Othello farmer Mark Booker handed out yellow signs shaped like lightning bolts marked "Save Our Dams" at a rally Wednesday in Pasco before a field hearing of the federal House Natural Resources Committee.
The signs were 20 years old, recycled by Booker from an earlier fight to preserve dams.
Forty percent of the world's food supply comes from irrigated farm land made possible with dams, he said.
"Without irrigation, we would have hungry people everywhere," Booker said.
In recent years, supporters of Northwest hydropower and dams have been on the offensive, U.S. Rep. Doc Hastings, R-Wash., told a crowd of about 100 who gathered for the rally.
An oversized U.S. flag flew overhead, and the flatbed truck for speakers to stand on was piled with freshly picked Mid-Columbia melons.
Every year, legislation is introduced to breach dams or study breaching, Hastings said.
He has introduced legislation intended to take back the offensive on saving dams, he said, describing it as a "common sense" approach to protecting hydropower.
It would prohibit federal money from being used to remove or study the removal of hydropower dams without the authorization of Congress, and would prevent groups from collecting federal grants for 10 years if they sue to breach dams or reduce hydropower.
"If you want to sue the federal government, don't expect a handout," said Rep. Tom McClintock, R-Calif., who attended the hearing with Hastings as the chairman of the Water and Power Subcommittee.
It would require that the Bonneville Power Administration and other agencies report costs related to federal fish and wildlife acts to power customers monthly.
The bill also would require Congress to authorize activities in a March memo from Energy Secretary Steven Chu to BPA and other hydropower marketing administrations concerning alternative energy production that likely would raise Northwest power rates.
While dam supporters rallied before the hearing, the Save Our Wild Salmon organization held a news conference nearby criticizing the legislation, calling it heavy handed and saying it would restrict innovation in clean energy and constrain the ability of federal agencies and private entities to work together to find solutions.
The bill addresses Hastings' pet peeves in the Mid-Columbia, but the legislation would have nationwide impacts, said Glen Spain, Northwest regional director of the Pacific Coast Federation of Fishermen's Associations. It puts jobs at risk for commercial fishers, he said.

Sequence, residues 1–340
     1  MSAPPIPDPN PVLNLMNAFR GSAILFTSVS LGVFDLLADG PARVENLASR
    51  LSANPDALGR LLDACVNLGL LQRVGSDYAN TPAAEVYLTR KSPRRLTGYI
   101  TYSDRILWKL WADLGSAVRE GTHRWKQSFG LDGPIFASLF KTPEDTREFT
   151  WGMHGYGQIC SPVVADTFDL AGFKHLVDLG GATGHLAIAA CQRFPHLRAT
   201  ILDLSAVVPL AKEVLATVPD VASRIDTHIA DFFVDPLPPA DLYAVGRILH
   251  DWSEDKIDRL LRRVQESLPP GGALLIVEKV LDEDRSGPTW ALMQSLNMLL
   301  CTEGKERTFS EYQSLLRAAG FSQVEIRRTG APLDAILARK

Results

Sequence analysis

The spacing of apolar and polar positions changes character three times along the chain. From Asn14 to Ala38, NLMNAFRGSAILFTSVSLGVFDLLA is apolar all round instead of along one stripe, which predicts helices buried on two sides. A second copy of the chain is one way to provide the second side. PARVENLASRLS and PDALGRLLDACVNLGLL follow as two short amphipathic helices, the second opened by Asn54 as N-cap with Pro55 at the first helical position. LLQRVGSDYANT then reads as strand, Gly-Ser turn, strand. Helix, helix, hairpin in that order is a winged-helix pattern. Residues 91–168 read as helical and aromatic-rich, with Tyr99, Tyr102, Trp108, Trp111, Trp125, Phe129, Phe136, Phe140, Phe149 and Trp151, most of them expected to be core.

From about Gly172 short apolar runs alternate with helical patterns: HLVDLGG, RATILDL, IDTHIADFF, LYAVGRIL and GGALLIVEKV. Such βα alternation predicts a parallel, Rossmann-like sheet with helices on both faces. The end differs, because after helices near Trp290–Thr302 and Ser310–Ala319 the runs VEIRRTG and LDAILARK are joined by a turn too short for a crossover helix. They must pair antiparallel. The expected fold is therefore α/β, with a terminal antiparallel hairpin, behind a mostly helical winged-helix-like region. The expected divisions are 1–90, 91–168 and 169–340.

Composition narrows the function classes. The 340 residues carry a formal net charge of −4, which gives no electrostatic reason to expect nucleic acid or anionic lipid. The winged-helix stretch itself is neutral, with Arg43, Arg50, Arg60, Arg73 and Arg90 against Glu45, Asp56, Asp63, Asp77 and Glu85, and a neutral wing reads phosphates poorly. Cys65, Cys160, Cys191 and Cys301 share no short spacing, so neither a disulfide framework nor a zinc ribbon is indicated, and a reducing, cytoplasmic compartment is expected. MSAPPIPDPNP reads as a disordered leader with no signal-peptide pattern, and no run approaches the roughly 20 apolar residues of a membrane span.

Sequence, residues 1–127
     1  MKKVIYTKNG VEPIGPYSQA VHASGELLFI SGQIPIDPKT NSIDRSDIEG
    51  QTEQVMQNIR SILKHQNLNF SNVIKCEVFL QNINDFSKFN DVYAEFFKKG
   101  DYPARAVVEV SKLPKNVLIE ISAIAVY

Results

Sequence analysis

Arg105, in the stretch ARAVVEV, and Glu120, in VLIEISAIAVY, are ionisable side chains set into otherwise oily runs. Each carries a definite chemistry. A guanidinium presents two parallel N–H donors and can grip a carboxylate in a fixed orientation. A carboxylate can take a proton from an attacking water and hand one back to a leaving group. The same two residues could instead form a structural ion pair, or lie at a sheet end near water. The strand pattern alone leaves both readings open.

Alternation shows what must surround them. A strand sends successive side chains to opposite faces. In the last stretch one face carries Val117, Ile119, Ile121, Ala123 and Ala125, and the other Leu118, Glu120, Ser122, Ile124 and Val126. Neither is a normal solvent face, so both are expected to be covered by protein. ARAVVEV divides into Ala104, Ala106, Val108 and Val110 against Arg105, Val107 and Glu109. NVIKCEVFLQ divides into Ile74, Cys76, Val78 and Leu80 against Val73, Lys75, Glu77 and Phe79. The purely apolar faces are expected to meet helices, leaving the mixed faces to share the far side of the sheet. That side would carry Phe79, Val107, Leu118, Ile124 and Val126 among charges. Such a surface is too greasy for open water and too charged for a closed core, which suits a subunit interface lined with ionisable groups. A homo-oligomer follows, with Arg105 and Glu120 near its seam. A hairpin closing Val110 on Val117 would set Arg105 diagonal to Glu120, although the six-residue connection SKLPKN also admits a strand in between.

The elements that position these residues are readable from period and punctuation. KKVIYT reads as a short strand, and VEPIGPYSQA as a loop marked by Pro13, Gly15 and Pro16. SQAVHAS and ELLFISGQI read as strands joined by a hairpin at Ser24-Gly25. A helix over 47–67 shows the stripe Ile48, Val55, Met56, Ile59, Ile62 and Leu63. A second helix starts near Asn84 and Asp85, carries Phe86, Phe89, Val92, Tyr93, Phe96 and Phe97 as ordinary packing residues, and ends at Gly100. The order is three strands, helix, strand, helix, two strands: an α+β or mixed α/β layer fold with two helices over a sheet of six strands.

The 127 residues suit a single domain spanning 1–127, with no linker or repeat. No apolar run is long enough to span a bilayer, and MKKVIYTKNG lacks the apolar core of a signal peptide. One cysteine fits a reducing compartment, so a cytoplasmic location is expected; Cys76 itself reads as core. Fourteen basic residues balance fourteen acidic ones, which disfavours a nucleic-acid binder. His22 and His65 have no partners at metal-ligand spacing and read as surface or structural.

But at the field hearing at the TRAC center, Hastings and McClintock heard from Northwest farming, utility and union leaders about the benefits of dams and hydropower and the need to protect them.
The crowd attending the hearing overflowed the hearing room where 120 chairs were set up, leaving some people watching a video screen outside.
"Back in 2000, the campaign to tear out the Snake River dams was waged as a full public debate, but the dam removal extremists lost that battle," Hastings said at the hearing. "They lost because the people of the Pacific Northwest know that removal of these dams would be an extreme action that would cost jobs, increase power rates and harm the region's economy."
Since then, dam-removal advocates have poured their money into lawsuits, he said.
That has included Spain's organization, which has participated in several lawsuits, Hastings said.
Not all dams are worth saving, and taking some down makes economic sense, Spain said.
"Which Snake River dams are obsolete?" asked Hastings, saying that was the focus of one of the lawsuits.
Each dam has to be evaluated individually, Spain said.
"When you are so evasive, it ruins whatever credibility you brought in here, which in my mind is not much," said McClintock, after pressing Spain on what new hydro projects he supported.
Some people have forgotten that before the era of dam construction, an endless cycle of withering droughts and violent floods plagued watersheds, he said.
"It is hard to believe that we have to defend the economic and environmental benefits of the dams. But we do," Jim Sanders, general manager of the Benton Public Utility District, said at the hearing.
When the idea of breaching dams took hold 12 years ago, there were little, if any, variable resources such as wind on the Northwest electric grid.
Now, BPA expects to have 5,000 megawatts connected by next year. But the wind blows enough to generate electricity only a third of the time, and generally the air is calm during the hottest and coldest times of the year, when the most electricity is needed, he said.
That makes hydropower more necessary than ever to back up wind generation megawatt for megawatt and maintain the reliability of the electric system, he said.
Jim Yost, the Idaho council member of the Northwest Power and Conservation Council, called wind power a fad, comparing it to Beanie Babies.
"What are they good for? Not much. It's the same as wind," he said.
Breaching dams would end barge navigation, putting up to 700,000 more trucks on the highways and increasing greenhouse gas emissions, said Kara Rowe of the Washington Association of Wheat Growers.
After the hearing, Trout Unlimited issued a statement saying that legislation would strip money from it and other nonprofit groups that use federally supported grants for habitat restoration work.
Hastings' opponent in the November election, Yakima Democrat Mary Baechler, said voters want congressional leaders to work across the aisle.
"This bill appears to single out a category of groups for punishment of past lawsuits," she said.
Written comments were collected from members of the public who attended the meeting. Comments also may be submitted through the Natural Resource Committee website at naturalresources.house.gov/contact.
-- Annette Cary: 582-1533; email@example.com